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Bexar County TX
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Bexar County, South Texas

29° 39' 56.88" N, 98° 37' 45.12" W (29.6658, -98.6292)

Interstate 10
19 Miles NW of downtown San Antonio
Population: 137 est. (2010)

Leon Springs, Texas Area Hotels › San Antonio Hotels

Leon Springs TX - Stage Stop 1981 old photo
The Leon Springs Hotel in 1981
Photo courtesy Ken Bates

History in a Pecan Shell

The town began as a stage stop in 1846. Operated by George von Pleve, a former German nobleman, the stage stop received a post office in 1857 (which closed in 1918).

By the mid 1880s, the community was thriving with a population of 50, a store and two hotels. It was an officer’s training facility for WWI and during WWII was the site of at least one military execution (the hanging of an enlisted man from Camp Swift for the killing of a young girl). During the Great Depression the town declined to only 25 residents but grew again due to military establishing Camps Stanley and Bullis. The population was back to 100 by 1946 where it has more or less remained. The stage stop was extant in 2004 and it said to be haunted although it is now privately owned.

Leon Springs Texas
The Leon Springs Hotel today
Photo courtesy Sarah Reveley, January 2008

Leon Springs Today

Photographer's' Notes:
"Leon Springs is a sad example of a lovely little spot being wiped out by a subdivision. For a while it was filled with shops and cute little houses painted up along with a gas station and a barbecue place, then [the developers came]. The Leon Springs Hotel, on the Historical Register, has been obliterated by creeping expansion of a BBQ place and a "marker" was erected to the man responsible. I have no idea where the National Register marker is. When I was a kid, Leon Springs Hotel was in a state of decay in the middle of nowhere, then it got fixed up, then it got wiped out. I wonder why the town let them do that?" - Sarah Reveley, January 2008

"I read with some sadness your description of the old stage stop in Leon Springs. I lived down Boerne Stage Rd. for twelve years and passed this place on my way home from work each day. I am so sorry to see what has happened to it in these past 30 years. I am attaching a photo taken in 1981 when they were just beginning to commercialize the area." - Ken Bates, September 11, 2010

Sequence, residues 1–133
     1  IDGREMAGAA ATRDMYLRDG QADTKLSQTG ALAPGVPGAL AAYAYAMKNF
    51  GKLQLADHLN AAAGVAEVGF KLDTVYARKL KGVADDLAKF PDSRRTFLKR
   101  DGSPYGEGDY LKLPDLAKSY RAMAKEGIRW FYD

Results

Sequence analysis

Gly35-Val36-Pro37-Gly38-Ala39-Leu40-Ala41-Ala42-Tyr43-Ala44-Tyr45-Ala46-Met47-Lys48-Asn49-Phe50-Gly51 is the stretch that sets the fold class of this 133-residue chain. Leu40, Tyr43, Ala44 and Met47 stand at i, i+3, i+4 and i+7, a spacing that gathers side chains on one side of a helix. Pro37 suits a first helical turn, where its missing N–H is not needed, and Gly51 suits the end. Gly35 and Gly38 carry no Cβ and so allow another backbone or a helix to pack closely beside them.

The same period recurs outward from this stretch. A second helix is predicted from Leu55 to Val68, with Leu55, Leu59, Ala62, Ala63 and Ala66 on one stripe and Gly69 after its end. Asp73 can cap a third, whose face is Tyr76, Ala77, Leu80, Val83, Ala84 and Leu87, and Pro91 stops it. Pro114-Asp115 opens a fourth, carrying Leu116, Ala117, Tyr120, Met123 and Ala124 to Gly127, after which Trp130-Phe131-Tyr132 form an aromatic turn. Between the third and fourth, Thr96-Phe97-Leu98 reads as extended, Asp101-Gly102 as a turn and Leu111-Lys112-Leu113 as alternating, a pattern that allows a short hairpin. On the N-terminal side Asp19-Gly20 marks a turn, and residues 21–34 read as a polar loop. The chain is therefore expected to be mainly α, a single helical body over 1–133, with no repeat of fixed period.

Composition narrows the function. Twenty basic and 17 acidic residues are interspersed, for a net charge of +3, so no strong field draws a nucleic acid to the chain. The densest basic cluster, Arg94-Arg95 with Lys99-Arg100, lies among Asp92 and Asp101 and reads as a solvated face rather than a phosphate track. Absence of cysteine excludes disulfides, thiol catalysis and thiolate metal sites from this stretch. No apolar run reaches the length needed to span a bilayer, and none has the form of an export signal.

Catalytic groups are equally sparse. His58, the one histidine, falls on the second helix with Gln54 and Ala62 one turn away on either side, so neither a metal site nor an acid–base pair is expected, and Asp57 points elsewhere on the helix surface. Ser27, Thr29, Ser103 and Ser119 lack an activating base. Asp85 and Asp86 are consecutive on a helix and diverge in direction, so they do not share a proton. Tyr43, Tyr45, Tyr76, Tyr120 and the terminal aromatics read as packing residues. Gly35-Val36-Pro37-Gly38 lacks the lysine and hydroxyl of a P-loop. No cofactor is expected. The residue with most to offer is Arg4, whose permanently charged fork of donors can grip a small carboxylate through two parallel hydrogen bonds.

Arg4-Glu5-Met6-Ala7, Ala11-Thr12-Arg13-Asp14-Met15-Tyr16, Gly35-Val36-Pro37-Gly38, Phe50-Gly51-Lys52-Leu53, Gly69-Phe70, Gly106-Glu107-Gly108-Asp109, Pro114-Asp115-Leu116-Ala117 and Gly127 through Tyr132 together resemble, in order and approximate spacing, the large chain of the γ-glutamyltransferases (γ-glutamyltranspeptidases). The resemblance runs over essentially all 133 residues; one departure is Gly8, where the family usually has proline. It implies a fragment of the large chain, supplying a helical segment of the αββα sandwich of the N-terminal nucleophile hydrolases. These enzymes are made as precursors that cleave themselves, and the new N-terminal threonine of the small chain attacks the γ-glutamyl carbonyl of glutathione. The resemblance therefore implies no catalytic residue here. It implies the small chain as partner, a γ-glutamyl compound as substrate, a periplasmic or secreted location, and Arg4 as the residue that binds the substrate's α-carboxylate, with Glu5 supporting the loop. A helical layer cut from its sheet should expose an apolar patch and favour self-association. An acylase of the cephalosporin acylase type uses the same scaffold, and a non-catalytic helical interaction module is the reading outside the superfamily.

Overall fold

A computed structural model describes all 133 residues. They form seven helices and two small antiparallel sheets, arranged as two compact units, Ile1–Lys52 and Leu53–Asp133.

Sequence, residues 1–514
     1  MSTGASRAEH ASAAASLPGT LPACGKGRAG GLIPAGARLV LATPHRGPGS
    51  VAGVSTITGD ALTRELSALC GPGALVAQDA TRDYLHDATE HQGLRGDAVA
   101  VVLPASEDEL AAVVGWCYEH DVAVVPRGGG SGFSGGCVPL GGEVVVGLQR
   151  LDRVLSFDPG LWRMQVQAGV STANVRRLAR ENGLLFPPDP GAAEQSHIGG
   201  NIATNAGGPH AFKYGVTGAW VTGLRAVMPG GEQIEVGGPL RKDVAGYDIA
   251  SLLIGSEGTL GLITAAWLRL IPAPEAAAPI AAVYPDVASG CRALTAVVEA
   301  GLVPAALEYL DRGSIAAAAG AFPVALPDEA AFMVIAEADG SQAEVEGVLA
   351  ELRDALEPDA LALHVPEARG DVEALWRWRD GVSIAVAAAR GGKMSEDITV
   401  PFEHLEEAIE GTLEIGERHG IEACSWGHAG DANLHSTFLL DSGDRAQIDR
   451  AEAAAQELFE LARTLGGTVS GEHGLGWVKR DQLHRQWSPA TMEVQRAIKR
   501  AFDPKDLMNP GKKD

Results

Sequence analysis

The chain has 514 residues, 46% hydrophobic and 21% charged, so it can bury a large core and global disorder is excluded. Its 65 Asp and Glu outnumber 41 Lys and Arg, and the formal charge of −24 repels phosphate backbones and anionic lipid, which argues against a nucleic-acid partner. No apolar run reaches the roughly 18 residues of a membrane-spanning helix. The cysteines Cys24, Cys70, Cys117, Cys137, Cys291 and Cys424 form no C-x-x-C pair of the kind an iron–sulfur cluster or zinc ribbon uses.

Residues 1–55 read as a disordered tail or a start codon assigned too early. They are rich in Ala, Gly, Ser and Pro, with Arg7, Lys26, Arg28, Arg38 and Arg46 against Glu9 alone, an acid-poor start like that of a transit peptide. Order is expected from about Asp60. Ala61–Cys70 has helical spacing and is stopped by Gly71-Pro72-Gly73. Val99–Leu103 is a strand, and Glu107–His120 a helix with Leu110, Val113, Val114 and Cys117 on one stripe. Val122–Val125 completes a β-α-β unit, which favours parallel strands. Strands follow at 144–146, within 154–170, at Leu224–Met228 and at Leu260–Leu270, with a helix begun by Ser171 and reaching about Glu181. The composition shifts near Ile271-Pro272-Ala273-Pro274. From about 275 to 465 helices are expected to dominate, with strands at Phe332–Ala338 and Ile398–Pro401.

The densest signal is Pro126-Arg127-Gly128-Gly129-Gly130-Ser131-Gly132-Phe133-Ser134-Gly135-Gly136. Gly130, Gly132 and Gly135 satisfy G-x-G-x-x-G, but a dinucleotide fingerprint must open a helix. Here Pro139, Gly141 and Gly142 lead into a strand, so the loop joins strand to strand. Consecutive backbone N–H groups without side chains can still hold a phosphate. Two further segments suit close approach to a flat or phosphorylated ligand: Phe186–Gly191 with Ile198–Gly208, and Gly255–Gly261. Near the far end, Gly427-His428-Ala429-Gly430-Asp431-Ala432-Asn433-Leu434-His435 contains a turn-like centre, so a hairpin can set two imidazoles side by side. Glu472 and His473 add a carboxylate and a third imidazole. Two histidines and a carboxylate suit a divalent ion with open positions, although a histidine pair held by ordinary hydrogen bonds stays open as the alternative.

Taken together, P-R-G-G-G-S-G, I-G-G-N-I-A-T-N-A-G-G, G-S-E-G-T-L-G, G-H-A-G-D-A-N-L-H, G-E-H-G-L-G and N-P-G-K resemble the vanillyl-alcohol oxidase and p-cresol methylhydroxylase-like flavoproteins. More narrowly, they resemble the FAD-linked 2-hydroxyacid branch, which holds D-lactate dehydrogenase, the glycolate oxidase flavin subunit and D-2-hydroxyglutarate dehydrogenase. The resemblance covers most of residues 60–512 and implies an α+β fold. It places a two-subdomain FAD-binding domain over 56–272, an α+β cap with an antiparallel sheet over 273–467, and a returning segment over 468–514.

Leon Springs Texas
Photo courtesy Sarah Reveley, January 2008

WWI First Officers Training Camp marker
Photo courtesy Sarah Reveley, January 2008

Historical Marker - (Location: I-10 & Boerne Stage Rd)

First Officers Training Camp

The first World War came to America on April 6, 1917, when President Woodrow Wilson signed the declaration, passed by Congress, that a state of war existed between the United States of America and Germany. Immediately thereafter, eight camps were established in the U.S. to train officers for combat leadership. The first was at Leon Springs, Texas, and on May 8, 1917, three thousand volunteers assembled at Camp Funston on the Schasse Ranch (now a part of Camp Bullis near this site) for training in various branches of the army. They endured three months of intense training and 1,846 young men graduated on August 15, 1917, as second lieutenants. The length of their training resulted in the term "90-day wonders."

Embodying their motto "brave men shall not die because I faltered," the members of the first officers training camp served with distinction in the war, many of them highly decorated for valor in combat. Almost 300, many highly ranking colonels or generals, returned to active duty for service in World War II. Three of those trained here later became governors: Beauford Jester of Texas, James R. Beverley of Puerto Rico, and Charles H. Martin of Oregon. Many more "first campers" were prominent leaders in business, industry and government throughout Texas and the United States.

Following their training and service, the former comrades in arms organized the "First Officers Training Camp Association" in 1931. Members residing in 30 states and several foreign countries gathered for annual meetings for more than fifty years. Now succeeded by generations of modern soldiers and officers, the First Officers Training Camp veterans leave a legacy of honor, courage and service to their country.

WWI First Officers Training Camp historical marker
WWI First Officers Training Camp historical marker
Photo courtesy Sarah Reveley, January 2008

Leon Springs TX Bridge
TE Photo, 2004
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Leon Springs Texas railroad bridge
TE Photo, 2004

Leon Springs Texas railroad  tracks
TE Photo, 2004

Leon Springs Texas railroad  dismantled tracks
TE Photo, 2004
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